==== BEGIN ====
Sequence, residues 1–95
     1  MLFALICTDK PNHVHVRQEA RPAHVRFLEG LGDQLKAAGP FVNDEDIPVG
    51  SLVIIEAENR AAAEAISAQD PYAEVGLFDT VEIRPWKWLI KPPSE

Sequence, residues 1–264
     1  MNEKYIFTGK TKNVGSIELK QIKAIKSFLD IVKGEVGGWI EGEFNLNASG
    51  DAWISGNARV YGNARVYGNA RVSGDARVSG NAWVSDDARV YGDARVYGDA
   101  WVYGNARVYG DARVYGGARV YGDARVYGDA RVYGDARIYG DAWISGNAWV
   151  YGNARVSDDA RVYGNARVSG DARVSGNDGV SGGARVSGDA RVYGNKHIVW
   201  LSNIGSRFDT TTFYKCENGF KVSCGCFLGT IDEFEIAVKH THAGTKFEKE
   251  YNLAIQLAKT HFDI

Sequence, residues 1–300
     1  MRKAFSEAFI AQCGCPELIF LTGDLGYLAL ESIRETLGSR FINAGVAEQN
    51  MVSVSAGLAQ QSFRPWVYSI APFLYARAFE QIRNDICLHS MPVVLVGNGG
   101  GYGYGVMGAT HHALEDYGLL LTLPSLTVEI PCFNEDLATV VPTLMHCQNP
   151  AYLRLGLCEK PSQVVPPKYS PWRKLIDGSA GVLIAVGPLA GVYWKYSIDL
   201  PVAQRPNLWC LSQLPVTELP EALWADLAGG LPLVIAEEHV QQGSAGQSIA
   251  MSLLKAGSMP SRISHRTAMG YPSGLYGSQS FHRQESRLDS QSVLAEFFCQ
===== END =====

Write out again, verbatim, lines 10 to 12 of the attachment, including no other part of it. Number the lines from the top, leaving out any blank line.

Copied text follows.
   251  YNLAIQLAKT HFDI

Sequence, residues 1–300
     1  MRKAFSEAFI AQCGCPELIF LTGDLGYLAL ESIRETLGSR FINAGVAEQN